Vanessa Sieger-Wilson organized a candlelight vigil last year to remember those who lost their fights with addiction and mental illness, but a vigil only lasts so long.
That’s why she has created a Facebook page, called Their Story Wasn’t Over Yet. It features photos and stories submitted by family members who have lost loved ones, serving as a permanent and living reminder of the toll addiction and mental illness can take.
“I’m hoping it reaches the empathetic side of people to know that everyone who has lost the battle was loved and is loved and they had dreams they wanted to accomplish,” Sieger-Wilson said.
Since creating the page this month, many emotional stories and photos have been shared.
“It’s heavy. It’s hard,” she said.
She personally knew many people who have died. Some are featured on the page, including Shawn Richards.
Richards was 33 years old when a fentanyl overdose took his life on April 30, 2020, a month after finishing a rehab program, according to the write-up on the Facebook page provided by his mother, Johanne.
At that time, she said, her son was “doing well and seemed hopeful for his future.
“He was surrounding himself with positive people, spending lots of time at the gym, and was active in his recovery meetings,” she wrote. “When COVID-19 became an issue, Shawn lost all of his crutches. He began isolating, and with nothing to keep himself busy and with the loss of all of his supports, he relapsed and lost his battle to the tainted drug supply.”
She urged anyone who is struggling to reach out for help.
“Your life is precious.”
Sieger-Wilson was friends with Richards.
“He always had a smile. He was a kind friend. He tried so many times to fight hard,” she said. “He was just a great guy who was wonderful to be around.”
The Facebook page also features a tribute to Lindsay O’Neil, submitted by her mother, Maureen Way. O’Neil was 31 years old when she died of fentanyl poisoning Sept. 24, 2016.
“She had a larger than life personality. When she walked into a room, you felt her energy. She was beautiful, had a big smile and a warm genuine laugh,” Way wrote.
Her daughter, a mother of two, “desperately wanted to be well.” She had been in detox and rehab, but “there was inadequate aftercare and never a proper diagnosis of her mental health issues, even after she admitted herself to hospital with suicidal thoughts.”
After 72 hours in hospital, she was released, left to her own devices.
A fentanyl-laced Percocet pill later ended her life, right before she was planning to attend college.
“The judicial, medical and mental health systems failed Lindsay,” Way wrote. “Had any of them worked together in her best interests and with a long-term plan, she would have embraced it.”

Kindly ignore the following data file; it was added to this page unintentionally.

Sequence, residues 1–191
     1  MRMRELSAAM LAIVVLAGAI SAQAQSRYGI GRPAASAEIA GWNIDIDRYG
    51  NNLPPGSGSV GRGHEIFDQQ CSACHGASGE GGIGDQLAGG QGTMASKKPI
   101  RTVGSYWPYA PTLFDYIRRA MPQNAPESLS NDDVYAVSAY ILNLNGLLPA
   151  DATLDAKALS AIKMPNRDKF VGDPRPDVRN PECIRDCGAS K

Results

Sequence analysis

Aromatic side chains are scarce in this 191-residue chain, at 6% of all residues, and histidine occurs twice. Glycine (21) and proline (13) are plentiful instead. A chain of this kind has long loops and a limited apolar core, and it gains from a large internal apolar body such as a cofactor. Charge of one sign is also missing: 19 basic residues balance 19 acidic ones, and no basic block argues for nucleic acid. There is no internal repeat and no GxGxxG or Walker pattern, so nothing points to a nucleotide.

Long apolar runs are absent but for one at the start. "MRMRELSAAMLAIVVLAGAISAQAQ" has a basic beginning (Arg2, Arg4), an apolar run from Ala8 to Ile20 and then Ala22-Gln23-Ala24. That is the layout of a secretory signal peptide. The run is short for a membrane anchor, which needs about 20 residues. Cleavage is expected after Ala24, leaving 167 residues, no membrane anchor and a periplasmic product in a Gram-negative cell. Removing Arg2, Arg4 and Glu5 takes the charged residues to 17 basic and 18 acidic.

That’s where the fight for change gets complicated. Remembering and honouring the lives lost is important, but Sieger-Wilson is also hoping for systemic change to deal with the issue on a greater scale.
“There is a system breach somewhere,” she said. “We have to start making changes for them.”
Keeping memories and stories alive is a meaningful way to ensure the issue remains in the spotlight, she said.
“This is putting a story to the names. These people were loved. It’s like the world just went on without them.”
Sieger-Wilson’s passion for raising awareness stems from her experience with friends and acquaintances — more than 30 — who have died over the years. It drove her to organize not only the Orillia Remembers vigil in November 2021, but also, alongside Simcoe Moms for Overdose Awareness, the Orillia Talks event in February 2020 to raise awareness and provide first-hand experiences and professional advice.
The new Facebook page was inspired by one created by Moms Stop the Harm, which also shares stories and photos from across the country, as well as resources and information.
Sieger-Wilson knows the importance of sharing that information publicly, though she wishes it wasn’t necessary.
“I don’t enjoy doing these things, but someone has to do it,” she said.
As she wrote in a post on the Facebook page, she “will continue to be uncomfortable and to make others uncomfortable until everyone starts looking this way.
“No one should be looking away.”
Those who want their loved ones’ stories and photos shared can send a private message through the Facebook page. There is no pressure, Sieger-Wilson stressed.
For those who aren’t comfortable sharing that information, she wanted them to know “they’re not alone in experiencing the losses that they have.”